Fax gateway

I have been gone from the sip arena for some 5 years. Been busy with other activities, but I really need to address my fax needs and MAYBE things are better now. Better be with the planning to ‘shutdown’ the PSTN (well actually to no longer mandate its existence).

I need ‘simple’ fax outbound from a all-in-one printer via its RJ11 jack and its simple, call this fax number interface. The fax gateway may actually use T.38/SIP trunking to contact that fax line, or if known the number is really an efaxmail number (how would one know?) send the email tiff/pdf.

I am a long time Centos user, but for this system, I will be building on an ARM platform. At this point there is no public info if RHEL/Centos 7 will support ARM (its base, Fedora 19 does). So I may well be building this on Fedora 20 (which comes with Asterisk 11).

Current hardware considerations are:

Cubietruck (maybe Cubieboard2 if I can get away with 1GB memory) arm board with a sata drive (pulled from old notebook)
USB-to-FXS dongle (which one?)

Testing will be from my HP 8600 with my 14+ page expense reports.

Why a PBX solution when perhaps an ATA to some SIP service could do? Which ATA to get? IPv6 support is mandatory. And I would probably play with a few other features.

thank you

Why is IPV6 support mandatory?

I am not sure what the question is and how it relates to FreePBX.

If you are looking for a SIP carrier that supports t.38 I know of none better than our own Sipstation. It is integrated via a FreePBX module. The SpanDSP library that is included in the FreePBX distro does not have an ARM target binary.

Even though I have 64 IPv4 addresses here, I am looking forward to the day I will turn them in; I do have a /48 IPv6 allocation. If I am looking forward to the death of PSTN by the FCC (and Michigan gov), I need to watch for the strangulation of IPv4 as well. Does Sipstation support IPv6 connectivity (within a 1 year window)?

I realize that I will have to work with the Fedora ARM community to compile everything FreePBX needs. Hopefully that list exists in the Development track. Of course one of my Intel buddies may decide to get me one of their development armbuster boards (my term, not Intel’s to the best of my knowledge), so I still might end up the Centos 6 route.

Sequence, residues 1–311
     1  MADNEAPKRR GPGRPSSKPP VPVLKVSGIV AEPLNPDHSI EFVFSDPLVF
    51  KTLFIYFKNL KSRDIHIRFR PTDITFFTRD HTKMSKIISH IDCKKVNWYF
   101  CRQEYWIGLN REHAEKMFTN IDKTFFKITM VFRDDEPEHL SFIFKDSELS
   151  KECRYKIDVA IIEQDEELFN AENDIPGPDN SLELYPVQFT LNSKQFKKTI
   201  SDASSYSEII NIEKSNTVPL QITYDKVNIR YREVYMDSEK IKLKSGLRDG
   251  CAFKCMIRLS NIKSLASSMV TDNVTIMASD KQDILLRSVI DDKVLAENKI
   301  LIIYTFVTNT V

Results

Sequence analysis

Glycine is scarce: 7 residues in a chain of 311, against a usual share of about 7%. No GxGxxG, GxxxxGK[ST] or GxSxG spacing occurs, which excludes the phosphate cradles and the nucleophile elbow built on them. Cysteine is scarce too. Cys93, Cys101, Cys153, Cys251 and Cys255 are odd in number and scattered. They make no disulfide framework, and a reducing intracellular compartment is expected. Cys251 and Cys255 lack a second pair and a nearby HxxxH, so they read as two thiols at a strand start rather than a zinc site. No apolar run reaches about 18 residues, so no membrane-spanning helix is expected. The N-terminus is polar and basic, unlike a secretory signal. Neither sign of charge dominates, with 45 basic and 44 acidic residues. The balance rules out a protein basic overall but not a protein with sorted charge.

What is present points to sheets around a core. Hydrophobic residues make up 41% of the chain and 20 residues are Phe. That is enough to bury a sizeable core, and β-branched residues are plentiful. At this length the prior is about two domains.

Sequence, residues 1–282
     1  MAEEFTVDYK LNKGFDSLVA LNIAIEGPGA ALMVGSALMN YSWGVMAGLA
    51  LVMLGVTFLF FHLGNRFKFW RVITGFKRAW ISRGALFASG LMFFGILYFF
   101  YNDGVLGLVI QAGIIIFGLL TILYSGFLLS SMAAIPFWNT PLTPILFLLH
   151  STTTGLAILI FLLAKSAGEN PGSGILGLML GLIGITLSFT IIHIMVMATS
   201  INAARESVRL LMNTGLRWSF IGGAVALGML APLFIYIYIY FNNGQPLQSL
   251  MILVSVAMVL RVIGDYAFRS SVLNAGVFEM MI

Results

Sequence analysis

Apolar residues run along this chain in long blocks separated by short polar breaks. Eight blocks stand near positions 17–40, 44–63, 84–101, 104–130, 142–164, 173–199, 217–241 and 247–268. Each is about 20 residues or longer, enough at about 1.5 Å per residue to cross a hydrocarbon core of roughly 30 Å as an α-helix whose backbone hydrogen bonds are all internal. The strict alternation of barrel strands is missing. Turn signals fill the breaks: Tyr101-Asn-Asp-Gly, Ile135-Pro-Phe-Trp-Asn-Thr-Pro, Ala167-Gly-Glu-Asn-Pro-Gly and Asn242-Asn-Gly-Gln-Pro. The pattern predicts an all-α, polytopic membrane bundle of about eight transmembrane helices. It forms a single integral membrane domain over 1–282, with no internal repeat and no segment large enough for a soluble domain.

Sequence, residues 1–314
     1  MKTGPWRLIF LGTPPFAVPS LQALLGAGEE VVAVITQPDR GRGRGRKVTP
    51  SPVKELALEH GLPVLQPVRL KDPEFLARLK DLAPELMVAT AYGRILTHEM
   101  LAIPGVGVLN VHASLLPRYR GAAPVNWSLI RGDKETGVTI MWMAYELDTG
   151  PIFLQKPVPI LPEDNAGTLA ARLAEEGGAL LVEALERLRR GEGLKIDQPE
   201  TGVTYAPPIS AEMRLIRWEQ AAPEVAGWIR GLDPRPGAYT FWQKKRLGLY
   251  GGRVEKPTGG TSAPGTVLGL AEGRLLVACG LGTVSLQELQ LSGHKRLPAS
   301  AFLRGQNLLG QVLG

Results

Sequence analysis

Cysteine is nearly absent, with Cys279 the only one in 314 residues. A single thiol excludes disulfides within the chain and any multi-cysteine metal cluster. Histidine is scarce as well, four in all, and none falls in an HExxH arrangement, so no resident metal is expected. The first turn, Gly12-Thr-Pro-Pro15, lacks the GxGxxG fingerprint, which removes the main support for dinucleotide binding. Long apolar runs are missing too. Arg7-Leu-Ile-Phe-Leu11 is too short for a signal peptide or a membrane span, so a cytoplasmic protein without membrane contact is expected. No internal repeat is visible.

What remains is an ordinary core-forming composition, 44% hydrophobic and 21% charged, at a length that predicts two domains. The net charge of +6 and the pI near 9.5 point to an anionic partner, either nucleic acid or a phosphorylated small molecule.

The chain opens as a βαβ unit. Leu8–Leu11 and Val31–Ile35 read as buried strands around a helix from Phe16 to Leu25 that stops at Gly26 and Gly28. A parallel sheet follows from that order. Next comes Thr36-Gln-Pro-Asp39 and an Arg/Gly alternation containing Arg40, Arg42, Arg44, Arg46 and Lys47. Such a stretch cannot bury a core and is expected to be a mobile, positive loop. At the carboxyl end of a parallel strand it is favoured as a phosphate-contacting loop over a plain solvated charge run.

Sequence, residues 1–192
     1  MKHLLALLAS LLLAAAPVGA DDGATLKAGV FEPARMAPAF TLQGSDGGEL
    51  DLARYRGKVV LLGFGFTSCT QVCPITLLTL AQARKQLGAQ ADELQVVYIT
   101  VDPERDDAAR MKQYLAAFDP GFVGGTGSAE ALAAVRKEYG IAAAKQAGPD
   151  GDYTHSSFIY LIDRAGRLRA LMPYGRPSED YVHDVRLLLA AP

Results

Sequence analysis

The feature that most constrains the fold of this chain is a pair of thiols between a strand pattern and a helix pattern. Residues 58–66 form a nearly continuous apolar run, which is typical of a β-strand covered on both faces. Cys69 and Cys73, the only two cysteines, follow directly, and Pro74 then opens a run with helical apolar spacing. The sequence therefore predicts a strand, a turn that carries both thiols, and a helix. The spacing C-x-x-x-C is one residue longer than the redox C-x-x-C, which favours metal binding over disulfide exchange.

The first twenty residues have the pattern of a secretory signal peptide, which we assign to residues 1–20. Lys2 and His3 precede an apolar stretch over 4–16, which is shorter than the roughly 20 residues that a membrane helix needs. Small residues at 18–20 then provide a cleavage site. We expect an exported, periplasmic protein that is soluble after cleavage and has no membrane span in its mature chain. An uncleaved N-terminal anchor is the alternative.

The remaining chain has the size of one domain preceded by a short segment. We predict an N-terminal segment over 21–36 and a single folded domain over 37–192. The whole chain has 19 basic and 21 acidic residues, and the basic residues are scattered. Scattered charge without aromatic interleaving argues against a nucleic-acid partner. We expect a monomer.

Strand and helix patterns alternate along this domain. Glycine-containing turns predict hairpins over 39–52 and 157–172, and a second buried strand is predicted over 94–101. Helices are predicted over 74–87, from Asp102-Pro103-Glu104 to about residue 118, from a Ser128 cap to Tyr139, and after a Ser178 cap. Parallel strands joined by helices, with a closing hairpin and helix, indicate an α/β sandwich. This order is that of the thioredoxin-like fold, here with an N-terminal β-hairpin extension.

You are right. I did not phrase a question as such!

5 years ago FAX/T.38 was a painful experience. What is the most successful approach now?

Does the pbx service work as fax passthrough to T.38 (maintain connection to originating client to provide fax status) or a store and forward service (with fax reply notification of delivery)?

I suppose that direct fax over VoIP is not an issue in this setup, as the pbx will only have SIPtrunking outbound and might as well be T.38 and let the other end deal with the joys of fax machines still on the PSTN. (this one is not really a question)

What USB-to-FXS dongles work with FreePBX and fax devices (eg HP 8600)? (I do have a couple Digium FXS PCI boards, but small ARM boards tend not to have pci).

Is there any service that assists FreePBX to determine that a destination fax number is really email and to send email directly?

BTW, where in Ohio? I am a NE Ohio boy, but left ~45 years ago.

I live in Avon Lake, offices in Cleveland.

t.38 blows still (my technical term). Nobody owns the whole network so it’s hit or miss and it always misses when the customer needs it most. I don’t need the money or the heartache so anyone that can’t deal with our inbound fax to email and outbound PDF to fax (we use PRI’s for connectivity) we make sure they keep a POTS line for FAX. I also highly recommend POTS for 911 and we usually program the phones to directly send 911 to the gateway so the line dual purpose (or triple if use for alarm reporting).

It’s fun to play with t.38 but it is what it is.

We are the oldest ISP in CLE still under local ownership. We have a ton of IPV4 space thankfully. I don’t know of any VoIP wholesalers that are doing V6 so right now it is not even on my planning radar. I may be wrong, but it sure doesn’t feel like it. Just no sense of urgency like the on that surrounded code splits in the 90’s when the PSTN e.164 numbers were going to exhaust. It still hasn’t happened.